Since our last post discussing our plans to trial new ways of managing our network, there’s been a lot of discussion online and in the media about the potential implications of these plans. Given this, we thought we’d respond to the most common questions that have been raised since our last post in these trials.

What Are We Doing?

  • Telstra will be conducting two trials:
    • Customer Experience Trial which will test what type of speed based or alternatively application based speed-tiered offers Telstra could take to market in future. This trial will be managed through Telstra’s existing market research customer panel. 
    • Traffic Management Trial which will test peak traffic management policies applying to a small group of Victorian ADSL Customers.
  • Detailed customer letters which outline the details of these trials will be distributed to all potential trial participants before they commence.

Why are we undertaking these trials?

  • The network management practices Telstra is trialling are designed to help us to serve our customers better. They are intended to allow us to provide customers with the quality of service that best suits their needs for the lowest possible price.
  • The results of these trials will inform Telstra’s future product and pricing decisions.

Why doesn’t Telstra just invest in more capacity to avoid these issues?

  • We continue to invest in enhancing our networks to ensure our customers enjoy the best possible quality of service.
  • This trial is about testing options to ensure that the investments that we are making are the most efficient way to ensure our customers enjoy the quality of service they demand.
  • As we recently publicly told the ACCC:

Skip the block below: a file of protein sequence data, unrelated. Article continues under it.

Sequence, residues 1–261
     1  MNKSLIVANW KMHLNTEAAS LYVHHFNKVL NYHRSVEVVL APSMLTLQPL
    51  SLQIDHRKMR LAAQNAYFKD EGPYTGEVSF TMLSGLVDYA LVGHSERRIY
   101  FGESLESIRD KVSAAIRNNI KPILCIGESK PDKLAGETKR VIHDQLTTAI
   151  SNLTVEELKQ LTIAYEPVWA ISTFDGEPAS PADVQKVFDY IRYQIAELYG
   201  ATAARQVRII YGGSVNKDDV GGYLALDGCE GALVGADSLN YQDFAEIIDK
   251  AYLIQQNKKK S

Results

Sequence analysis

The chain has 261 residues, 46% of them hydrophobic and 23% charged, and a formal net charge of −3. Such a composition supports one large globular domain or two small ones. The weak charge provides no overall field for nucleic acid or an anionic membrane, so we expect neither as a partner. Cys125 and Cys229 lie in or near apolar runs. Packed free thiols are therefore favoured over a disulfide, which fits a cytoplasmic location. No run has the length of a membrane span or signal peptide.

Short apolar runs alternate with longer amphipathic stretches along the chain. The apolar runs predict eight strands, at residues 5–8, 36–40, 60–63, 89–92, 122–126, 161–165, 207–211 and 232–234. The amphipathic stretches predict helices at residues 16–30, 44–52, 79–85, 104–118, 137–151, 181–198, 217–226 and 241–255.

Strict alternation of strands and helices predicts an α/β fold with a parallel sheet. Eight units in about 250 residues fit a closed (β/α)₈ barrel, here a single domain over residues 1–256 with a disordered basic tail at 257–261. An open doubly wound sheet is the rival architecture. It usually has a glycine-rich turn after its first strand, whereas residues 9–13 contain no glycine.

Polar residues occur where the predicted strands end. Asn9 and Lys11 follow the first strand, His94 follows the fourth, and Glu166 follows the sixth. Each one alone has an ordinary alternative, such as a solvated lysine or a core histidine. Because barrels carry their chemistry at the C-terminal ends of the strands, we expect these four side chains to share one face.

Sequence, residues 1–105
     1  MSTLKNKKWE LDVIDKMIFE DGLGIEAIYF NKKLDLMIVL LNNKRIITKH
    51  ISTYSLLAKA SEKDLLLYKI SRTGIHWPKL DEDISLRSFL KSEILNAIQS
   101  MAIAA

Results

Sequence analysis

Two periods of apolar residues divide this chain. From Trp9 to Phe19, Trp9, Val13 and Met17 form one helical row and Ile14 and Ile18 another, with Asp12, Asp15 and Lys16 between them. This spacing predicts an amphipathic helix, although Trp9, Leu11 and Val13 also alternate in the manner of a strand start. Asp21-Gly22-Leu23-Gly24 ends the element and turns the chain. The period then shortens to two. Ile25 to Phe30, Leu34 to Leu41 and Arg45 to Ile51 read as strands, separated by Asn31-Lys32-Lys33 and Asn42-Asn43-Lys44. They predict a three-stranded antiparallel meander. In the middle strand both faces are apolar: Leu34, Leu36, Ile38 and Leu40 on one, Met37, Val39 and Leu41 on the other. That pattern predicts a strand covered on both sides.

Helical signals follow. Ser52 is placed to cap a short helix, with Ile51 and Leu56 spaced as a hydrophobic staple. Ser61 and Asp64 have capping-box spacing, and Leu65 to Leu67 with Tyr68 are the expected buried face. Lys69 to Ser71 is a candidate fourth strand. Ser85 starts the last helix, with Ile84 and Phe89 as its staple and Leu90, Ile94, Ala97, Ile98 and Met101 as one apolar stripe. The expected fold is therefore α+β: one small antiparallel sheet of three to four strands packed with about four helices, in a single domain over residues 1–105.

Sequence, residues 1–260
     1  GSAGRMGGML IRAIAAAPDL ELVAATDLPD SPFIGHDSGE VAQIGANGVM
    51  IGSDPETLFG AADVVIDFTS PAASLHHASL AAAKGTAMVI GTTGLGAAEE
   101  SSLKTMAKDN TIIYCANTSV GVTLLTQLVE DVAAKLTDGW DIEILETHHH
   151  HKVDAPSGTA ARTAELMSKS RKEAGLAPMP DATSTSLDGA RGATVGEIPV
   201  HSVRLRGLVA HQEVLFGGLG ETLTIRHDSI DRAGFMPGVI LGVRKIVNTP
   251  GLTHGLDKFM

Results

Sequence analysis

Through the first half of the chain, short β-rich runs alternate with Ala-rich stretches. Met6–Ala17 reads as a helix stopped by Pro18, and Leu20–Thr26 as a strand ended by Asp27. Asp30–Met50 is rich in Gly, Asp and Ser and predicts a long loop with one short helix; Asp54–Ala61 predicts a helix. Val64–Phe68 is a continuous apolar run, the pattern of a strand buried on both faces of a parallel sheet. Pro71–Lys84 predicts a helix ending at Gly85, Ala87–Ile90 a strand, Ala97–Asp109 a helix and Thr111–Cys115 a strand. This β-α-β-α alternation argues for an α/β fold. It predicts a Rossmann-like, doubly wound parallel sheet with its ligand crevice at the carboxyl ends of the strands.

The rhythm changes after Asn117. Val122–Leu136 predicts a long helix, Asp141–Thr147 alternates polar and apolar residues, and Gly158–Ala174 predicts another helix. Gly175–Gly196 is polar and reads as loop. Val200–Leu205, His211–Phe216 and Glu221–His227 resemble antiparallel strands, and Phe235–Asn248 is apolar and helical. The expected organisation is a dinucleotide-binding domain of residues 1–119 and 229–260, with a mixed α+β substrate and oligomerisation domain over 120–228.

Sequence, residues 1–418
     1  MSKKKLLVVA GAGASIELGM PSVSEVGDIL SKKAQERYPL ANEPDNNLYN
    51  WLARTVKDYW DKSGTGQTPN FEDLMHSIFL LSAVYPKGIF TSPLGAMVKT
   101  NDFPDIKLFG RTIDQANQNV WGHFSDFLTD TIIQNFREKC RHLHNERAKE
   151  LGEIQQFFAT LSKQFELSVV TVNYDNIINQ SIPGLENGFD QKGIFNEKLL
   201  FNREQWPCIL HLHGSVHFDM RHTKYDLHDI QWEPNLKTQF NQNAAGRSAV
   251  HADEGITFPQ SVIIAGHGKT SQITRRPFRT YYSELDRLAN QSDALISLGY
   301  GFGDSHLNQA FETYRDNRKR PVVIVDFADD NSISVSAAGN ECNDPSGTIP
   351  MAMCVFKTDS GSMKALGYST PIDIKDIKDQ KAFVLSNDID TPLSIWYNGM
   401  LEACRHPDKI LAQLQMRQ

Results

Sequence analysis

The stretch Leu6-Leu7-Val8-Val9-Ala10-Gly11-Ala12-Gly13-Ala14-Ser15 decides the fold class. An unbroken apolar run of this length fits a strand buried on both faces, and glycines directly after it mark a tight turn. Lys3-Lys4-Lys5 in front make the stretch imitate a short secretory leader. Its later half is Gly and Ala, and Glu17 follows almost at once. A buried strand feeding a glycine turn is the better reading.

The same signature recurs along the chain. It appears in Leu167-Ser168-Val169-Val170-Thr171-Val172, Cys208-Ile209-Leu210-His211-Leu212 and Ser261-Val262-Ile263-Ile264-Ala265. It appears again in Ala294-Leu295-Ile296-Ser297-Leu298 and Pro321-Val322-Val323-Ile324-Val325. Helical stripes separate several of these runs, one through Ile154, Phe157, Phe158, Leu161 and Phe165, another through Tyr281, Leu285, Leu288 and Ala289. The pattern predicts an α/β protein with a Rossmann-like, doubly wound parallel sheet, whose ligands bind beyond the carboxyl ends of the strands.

“Telstra’s goal is to optimise the customer experience by managing congestion on its ADSL network through price, investment and technical means. Traffic on Telstra’s ADSL network has on average doubled every 12 months for the past four years, driven to a large extent by growth in demand for real time entertainment. Without continued congestion management further growth in traffic will result in more congestion at peak times, negatively impacting on the customer experience.’

  • This trial is simply about examining the potential technical means to assist in this task.

Why is Telstra ‘targeting’ Peer to Peer (P2P) in these trials?

  • Telstra is not targeting one particular form of traffic. We’re testing a range of different options for a range of classes of traffic services under these trials.
  • One of the options being examined under this trial is the shaping of specific services (including some P2P traffic types including Bittorrent) in certain circumstances and within certain times. The key characteristic of Bittorrent peer to peer traffic that is relevant to our network traffic management trials is the fact that most such traffic is not time-critical – for example, compared with VoIP or video streaming – and so might be slowed without significant consumer detriment. Other types of P2P services (eg some gaming services, Skype etc) will not be targeted for shaping this traffic management trial.
  • Our sole objective in this trial is identifying options for improving our network management to ensure that all of our customers enjoy the best quality service for their needs at the best possible price.

Why has Telstra mentioned P2P Copyright infringement in commenting on these trials?

  • Telstra recognises that P2P has a range of legitimate uses.
  • Our blog post on this trial included reference to piracy because of initial media inquiries about the trial which asked about intellectual property infringement.
  • This trial isn’t about piracy, it’s about getting smarter about the way we manage our networks and better matching the characteristics of our products and services with our customers’ diverse needs.
  • Telstra does not condone copyright infringement.  It is an industry issue that has been, and continues to be, the basis for ongoing dialogue among all relevant stakeholders.  Our position on copyright remains the same.

Is Telstra collecting information about copyright infringement as part of this trial?

  • No.
  • This project is solely about testing network management practices to determine if they improve our overall customer service.

Is Telstra throttling P2P traffic at the request of Rights Holders or with the intent of deterring alleged intellectual property infringement?